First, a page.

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This Was Us

You know all those games that got away that have been stewed over in the wake of the 2019 Mets’ elimination from playoff contention? I don’t care for such mulling. Yes, had Edwin Diaz resembled his Seattle self more than he did the reincarnation of Manny Acosta, that’s ‘x’ number of saves that probably wouldn’t have been blown, and if those are wins instead of losses, suddenly you’re talking about a margin measured in games ahead rather than games behind, and we’re still in this thing or even ahead of it. But you can also take any number of anybody’s flaws, retroactively insist that everybody’s strong points been consistent to the point of constant, and conveniently overlook sometimes other teams made mistakes that allowed us to benefit. There are years when what actually happened adds up to a postseason berth. There are years when it doesn’t.

This year it didn’t. We were good without being good enough. We took a long lunge at a goal that didn’t materialize as realistic until it was getting later than it seemed. Over .500, but not too far over. Officially above fourth place (with Philly having deliciously crumbled), yet shy of second, let alone first. Getting a lot of what we wanted, but not all of it.

This was us. Still is for a few more days. Last night, Thursday, was totally us. Maybe not a microcosm of 2019 in precise form or fashion, but it sure felt like we lived a year in nine innings.

First, there was Zack Wheeler [1], our favorite human interest story every fifth day; sometimes sooner [2]. He’s got an excellent four-seam fastball, an effective slider and a narrative we find hard to resist now that his contract is winding down. “Perhaps Zack Wheeler’s final start as a New York Met” was the tease last night. And what a start it started out to be. For seven innings, he kept the Marlins off the board, though for seven innings, his mound opponent did the same to the Mets. Seems I’ve written a sentence of that nature every time Zack has pitched in September. All due respect to Jordan Yamamoto, the Mets not scoring for Zack Wheeler is the new Mets not scoring for Jacob deGrom.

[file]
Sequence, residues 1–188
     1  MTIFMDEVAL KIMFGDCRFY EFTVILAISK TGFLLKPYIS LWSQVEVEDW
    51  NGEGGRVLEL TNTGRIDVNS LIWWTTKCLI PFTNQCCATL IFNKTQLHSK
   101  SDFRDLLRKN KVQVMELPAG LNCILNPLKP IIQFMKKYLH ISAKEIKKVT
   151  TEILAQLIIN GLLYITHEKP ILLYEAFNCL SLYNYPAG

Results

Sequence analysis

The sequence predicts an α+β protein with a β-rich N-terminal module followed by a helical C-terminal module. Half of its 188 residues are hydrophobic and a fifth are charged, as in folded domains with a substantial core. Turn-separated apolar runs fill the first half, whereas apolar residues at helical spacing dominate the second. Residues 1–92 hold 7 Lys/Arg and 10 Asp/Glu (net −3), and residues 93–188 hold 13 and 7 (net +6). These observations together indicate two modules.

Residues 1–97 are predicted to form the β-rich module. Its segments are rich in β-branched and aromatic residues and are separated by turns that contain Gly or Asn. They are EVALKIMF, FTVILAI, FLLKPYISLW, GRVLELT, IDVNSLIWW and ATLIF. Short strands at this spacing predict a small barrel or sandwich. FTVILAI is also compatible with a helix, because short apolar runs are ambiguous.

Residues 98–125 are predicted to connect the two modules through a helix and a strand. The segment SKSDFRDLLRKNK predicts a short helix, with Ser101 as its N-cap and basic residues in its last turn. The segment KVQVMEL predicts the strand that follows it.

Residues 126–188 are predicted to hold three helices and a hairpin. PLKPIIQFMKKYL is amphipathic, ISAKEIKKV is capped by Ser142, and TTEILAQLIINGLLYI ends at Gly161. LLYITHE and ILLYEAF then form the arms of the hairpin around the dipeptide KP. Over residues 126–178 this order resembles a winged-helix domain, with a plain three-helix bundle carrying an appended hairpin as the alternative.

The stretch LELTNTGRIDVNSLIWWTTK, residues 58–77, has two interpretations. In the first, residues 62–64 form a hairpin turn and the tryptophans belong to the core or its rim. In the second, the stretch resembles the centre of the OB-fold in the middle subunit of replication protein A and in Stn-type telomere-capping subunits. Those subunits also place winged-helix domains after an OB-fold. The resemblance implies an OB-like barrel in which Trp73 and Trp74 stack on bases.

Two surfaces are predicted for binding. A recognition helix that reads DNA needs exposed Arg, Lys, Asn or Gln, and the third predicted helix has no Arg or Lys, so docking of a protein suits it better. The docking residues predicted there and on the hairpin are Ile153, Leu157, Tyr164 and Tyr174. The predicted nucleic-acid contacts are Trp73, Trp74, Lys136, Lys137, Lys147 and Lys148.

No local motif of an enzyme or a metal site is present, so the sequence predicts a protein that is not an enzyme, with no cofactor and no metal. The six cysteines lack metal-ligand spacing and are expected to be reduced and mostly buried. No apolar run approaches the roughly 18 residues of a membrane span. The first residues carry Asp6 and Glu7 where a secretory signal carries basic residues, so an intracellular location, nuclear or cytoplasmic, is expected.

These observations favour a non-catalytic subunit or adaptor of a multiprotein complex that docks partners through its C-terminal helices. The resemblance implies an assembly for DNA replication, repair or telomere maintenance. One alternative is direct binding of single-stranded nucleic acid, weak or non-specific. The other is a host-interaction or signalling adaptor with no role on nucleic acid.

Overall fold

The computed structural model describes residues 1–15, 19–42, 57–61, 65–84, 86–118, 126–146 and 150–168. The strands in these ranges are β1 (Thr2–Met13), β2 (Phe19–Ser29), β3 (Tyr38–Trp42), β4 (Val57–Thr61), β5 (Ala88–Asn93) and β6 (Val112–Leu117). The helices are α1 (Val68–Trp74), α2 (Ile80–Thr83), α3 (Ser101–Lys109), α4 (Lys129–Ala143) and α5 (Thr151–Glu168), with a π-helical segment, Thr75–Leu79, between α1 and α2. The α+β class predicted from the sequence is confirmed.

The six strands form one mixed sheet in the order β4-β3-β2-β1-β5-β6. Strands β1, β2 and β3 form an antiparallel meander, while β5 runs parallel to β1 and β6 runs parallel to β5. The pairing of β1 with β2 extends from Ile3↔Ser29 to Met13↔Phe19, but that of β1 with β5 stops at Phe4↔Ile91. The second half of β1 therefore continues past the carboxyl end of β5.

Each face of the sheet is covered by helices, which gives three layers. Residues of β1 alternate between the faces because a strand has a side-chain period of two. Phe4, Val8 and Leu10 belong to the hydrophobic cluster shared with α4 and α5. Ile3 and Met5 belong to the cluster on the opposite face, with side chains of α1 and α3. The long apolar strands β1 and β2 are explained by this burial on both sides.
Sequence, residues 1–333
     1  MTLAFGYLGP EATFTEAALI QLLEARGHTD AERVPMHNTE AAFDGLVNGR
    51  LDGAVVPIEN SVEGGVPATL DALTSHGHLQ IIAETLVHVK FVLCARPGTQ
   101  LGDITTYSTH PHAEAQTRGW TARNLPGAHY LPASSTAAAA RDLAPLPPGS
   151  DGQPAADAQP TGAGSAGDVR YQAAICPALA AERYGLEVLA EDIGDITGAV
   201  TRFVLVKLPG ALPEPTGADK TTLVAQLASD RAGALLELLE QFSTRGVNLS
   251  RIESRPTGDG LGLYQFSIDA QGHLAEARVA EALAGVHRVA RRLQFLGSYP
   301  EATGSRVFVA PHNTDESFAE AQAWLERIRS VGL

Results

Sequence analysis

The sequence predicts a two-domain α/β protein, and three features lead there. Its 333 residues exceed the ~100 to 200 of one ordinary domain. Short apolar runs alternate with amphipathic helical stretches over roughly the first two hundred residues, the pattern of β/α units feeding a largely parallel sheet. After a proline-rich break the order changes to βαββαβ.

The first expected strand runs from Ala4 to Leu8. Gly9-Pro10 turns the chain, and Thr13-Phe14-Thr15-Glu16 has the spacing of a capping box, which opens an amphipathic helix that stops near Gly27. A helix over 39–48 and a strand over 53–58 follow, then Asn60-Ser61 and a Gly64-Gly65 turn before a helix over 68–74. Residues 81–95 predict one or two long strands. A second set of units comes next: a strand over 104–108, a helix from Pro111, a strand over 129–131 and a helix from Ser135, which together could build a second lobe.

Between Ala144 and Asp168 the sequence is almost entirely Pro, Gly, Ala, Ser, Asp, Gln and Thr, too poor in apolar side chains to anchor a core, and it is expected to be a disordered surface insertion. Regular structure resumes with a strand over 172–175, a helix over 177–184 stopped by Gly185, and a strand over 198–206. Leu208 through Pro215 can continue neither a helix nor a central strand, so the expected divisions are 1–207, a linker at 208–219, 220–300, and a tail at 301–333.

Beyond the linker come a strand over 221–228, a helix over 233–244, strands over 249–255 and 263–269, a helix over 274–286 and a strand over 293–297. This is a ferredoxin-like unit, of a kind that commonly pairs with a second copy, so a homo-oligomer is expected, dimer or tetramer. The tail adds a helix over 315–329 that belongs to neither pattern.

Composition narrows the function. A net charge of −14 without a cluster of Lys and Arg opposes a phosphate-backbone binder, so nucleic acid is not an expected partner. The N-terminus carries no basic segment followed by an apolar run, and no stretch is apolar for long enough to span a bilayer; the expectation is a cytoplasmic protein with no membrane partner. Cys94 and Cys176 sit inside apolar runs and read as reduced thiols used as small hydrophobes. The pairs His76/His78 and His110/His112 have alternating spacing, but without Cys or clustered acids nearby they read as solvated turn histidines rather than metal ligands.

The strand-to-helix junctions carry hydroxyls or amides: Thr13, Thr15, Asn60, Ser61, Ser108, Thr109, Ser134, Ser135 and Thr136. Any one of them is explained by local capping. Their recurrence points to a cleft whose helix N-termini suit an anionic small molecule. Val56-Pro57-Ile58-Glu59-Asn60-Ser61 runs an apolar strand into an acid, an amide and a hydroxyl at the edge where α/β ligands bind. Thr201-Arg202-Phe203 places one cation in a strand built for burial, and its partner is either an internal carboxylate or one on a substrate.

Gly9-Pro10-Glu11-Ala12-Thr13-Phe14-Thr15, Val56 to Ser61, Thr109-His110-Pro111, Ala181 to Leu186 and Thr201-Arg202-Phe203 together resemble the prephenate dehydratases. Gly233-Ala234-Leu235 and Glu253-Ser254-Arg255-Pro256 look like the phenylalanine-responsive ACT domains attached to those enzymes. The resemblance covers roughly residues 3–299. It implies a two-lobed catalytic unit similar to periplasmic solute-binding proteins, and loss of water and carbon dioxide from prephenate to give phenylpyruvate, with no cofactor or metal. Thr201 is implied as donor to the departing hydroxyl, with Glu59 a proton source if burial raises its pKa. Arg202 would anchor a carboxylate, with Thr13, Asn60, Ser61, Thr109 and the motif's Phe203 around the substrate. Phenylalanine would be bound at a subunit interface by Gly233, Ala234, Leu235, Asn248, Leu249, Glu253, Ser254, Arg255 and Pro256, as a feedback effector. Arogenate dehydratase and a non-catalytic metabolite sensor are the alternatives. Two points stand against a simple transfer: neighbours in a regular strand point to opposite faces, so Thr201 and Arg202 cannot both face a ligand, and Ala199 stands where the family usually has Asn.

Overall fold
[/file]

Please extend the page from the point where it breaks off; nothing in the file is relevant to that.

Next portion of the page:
The bottom of the seventh elevated a zero-zero pitchers’ duel to another level. Yamamoto was out of the game and the Mets were taking a shot at the Miami pen. With one out, the Mets loaded the bases on a pair of singles and a walk. This was a perfect time for a pinch-hitter. Then again, Wheeler had thrown fewer than 90 pitches and was wielding a batting average in the .200s, the pitcher equivalent of flirting with .400. But of far more pressing concern to me as a Mets fan in the 159th game of a season when nothing more than the moment was on the line, there was this: if Mickey Callaway pinch-hits for Wheeler, that’s it. His year is done. He doesn’t get to go on and attempt to continue his shutout in his last turn of the year. With free agency beckoning, it is, narratively speaking again, perhaps Zack Wheeler’s final start as a New York Met.

What do you want to see, all things being equal?

• A professional hitter taking a whack at driving in the go-ahead run in a scoreless tie?

• Or your pitcher whose tenure is among the longest on the team stay in the game to try to do something with the bat if only so he can return to the mound and go out on his own — and hopefully memorable — terms?